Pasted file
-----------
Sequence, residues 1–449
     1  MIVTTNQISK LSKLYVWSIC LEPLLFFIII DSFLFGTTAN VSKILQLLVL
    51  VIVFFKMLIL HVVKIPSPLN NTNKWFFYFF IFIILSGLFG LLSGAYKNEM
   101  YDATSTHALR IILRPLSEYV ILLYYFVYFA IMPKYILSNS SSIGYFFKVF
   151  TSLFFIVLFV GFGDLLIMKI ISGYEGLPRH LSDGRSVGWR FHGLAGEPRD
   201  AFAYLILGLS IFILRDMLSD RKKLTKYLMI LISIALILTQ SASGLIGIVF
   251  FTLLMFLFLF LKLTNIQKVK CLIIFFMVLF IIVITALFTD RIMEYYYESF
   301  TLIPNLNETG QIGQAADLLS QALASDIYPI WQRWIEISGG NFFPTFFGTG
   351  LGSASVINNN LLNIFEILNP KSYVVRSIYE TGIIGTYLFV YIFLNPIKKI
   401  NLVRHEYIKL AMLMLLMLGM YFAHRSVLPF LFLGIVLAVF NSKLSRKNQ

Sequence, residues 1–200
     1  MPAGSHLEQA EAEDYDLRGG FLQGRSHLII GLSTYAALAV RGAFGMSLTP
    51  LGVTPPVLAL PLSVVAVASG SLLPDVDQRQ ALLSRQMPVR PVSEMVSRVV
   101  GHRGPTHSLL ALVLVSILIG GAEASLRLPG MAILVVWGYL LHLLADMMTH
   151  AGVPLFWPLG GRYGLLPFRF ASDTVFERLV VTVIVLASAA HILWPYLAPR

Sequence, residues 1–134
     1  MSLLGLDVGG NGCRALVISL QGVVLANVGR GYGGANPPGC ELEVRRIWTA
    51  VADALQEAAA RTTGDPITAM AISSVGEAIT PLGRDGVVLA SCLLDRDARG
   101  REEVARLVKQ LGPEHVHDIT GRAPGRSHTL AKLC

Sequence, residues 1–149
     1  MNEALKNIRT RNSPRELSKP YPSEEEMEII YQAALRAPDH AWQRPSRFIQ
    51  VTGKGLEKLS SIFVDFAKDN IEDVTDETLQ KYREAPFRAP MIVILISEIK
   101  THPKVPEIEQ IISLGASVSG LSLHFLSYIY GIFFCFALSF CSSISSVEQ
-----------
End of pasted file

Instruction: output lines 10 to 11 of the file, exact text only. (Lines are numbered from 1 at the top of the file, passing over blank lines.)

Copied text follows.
   401  NLVRHEYIKL AMLMLLMLGM YFAHRSVLPF LFLGIVLAVF NSKLSRKNQ

Sequence, residues 1–200